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Sculpt and Strength: An Effective Guide to Weight Training

We’ve all been given advice about how to properly exercise, be it from a random gym compatriot or a close friend genuinely concerned. The initiative it takes to do it, however, can only truly come from within. There are ample reasons to do it; exercise is known to improve the quality of life as well as your ability to perform certain tasks. Endorphins flow more freely, relieving stress and releasing a natural high — and, perhaps one of the most important reasons to work out – you look better.

Despite all of these undeniable and almost cliche benefits, 82 per cent of Canadian adults are not active enough, with 34 per cent expected to be obese by 2025.  It’s not too late, and those looking for a healthier routine can find many, simple options, perhaps none simpler than weight training. A recent study from McMaster University suggests that the recommended amount of time one should spend lifting weights is “any amount of lifting.” 

Obviously, weight training is a little more complicated than just picking up and putting down heavy objects. Here’s an effective and safe guide to start weight training. 

Getting Started

Arnold Schwarzenegger launched his career praising bodybuilding with Pumping Iron, but you don’t need to have or want that kind of physique to start lifting. Before you begin, though, there are some precautions you should take as well as some warm ups so you don’t injure or embarrass yourself. Ideally, one should seek the advice of a personal trainer. Newcomers to weight lifting can easily make the mistake of being too eager, and that can lead to muscle strain and tendinitis.

Apart from ensuring you don’t harm yourself, a personal trainer will also help you understand what your goals are in weight training so you can more easily focus on them. Personal trainers can easily be found online, but it can be more convenient to find one you connect with at your local gym.

At this point, naturally, it would help to have weights of your own. Dumbbells are essential, but more complicated training exercises involve:

– Kettlebells
– A Barbell
– Resistance Bands

Doing warm ups before any exercises is critical because it gets the blood flowing to your muscles and gets your body prepared for more difficult work. Without warming up, your body will be more susceptible to cramps.

Reps and Sets

Repetitions (reps), sets and rest intervals are what essentially make up weight training. One lateral raise of a dumbbell represents a rep, then five reps make a set. It’s always important to rest between sets, but how much time between each will depend on how much muscle you need to grow. Rests can last from 30 seconds to 5 minutes. The more often you do it, the less resistance the weights will give as your muscle strength increases.  As it gets easier, you can start lifting heavier weights.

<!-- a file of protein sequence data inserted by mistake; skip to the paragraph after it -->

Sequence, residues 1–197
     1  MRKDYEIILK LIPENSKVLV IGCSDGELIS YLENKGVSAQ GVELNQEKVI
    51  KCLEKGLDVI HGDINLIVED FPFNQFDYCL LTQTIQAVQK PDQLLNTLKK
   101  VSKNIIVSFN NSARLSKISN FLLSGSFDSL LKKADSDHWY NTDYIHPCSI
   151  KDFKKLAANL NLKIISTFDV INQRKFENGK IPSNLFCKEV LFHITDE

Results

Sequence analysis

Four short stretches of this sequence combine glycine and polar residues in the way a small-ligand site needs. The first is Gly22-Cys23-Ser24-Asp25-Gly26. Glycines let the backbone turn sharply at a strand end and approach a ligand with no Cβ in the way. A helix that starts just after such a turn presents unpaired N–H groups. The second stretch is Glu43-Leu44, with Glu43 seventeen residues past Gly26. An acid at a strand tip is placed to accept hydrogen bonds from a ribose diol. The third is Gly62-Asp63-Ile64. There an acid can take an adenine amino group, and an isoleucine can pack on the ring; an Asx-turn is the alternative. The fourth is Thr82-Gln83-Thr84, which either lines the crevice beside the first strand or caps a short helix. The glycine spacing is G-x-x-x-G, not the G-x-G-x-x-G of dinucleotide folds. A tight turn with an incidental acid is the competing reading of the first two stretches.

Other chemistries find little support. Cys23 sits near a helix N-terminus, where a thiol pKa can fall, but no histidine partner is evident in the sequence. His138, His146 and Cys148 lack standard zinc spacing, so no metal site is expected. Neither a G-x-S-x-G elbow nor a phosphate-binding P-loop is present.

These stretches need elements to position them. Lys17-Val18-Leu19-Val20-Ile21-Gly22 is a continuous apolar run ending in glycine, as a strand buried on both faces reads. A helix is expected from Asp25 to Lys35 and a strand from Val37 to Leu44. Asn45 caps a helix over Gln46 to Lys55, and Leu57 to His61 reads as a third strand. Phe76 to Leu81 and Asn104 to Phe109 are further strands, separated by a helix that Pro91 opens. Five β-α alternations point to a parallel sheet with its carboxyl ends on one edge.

Perfecting Your Form

To properly lift, you need to have excellent form. A neutral spine is what a weight lifter wants, straight with a natural curve. A personal trainer can help advise you best, however you can also just get advice from other people at the gym. There are also plenty of online articles that offer excellent advice.

Cooling Down After Training

Cooling down is just as important as warming up during weight training. While there’s no conclusive evidence it prevents injury, doing some stretches will improve your flexibility.  There’s also the option of simple cardio or even massage. Most importantly, throughout training as well as after, remember to stay hydrated.

Don’t Overdo It

Keep your workouts to a tight 45 minutes. Overtraining can do the precise opposite of what a good session is intended to do. You can damage the very muscles you’re trying to build, leave you exhausted and in a bad mood, as well. It helps to have a schedule: book time at the gym or in your personal area and stick to it. Setting a schedule will also help you keep to the plan, as it can be tempting to skip a day.

If you find you’re really having difficulty keeping to a schedule, try weight training with a friend.

Rest Days

As you make your schedule, be sure to include days of rest. You’ll want to be away from the gym at least two or three days a week to lessen the chances of personal injury. It’s also recommended that beginners split their training so that part of the week is focused on one set of muscles and the rest of the week on another.

After your body has adapted to working out, rest can be reduced to just 24 hours, and you can plan a more aggressive schedule.

Kenny Hedges | Contributing Writer

Spring 2024

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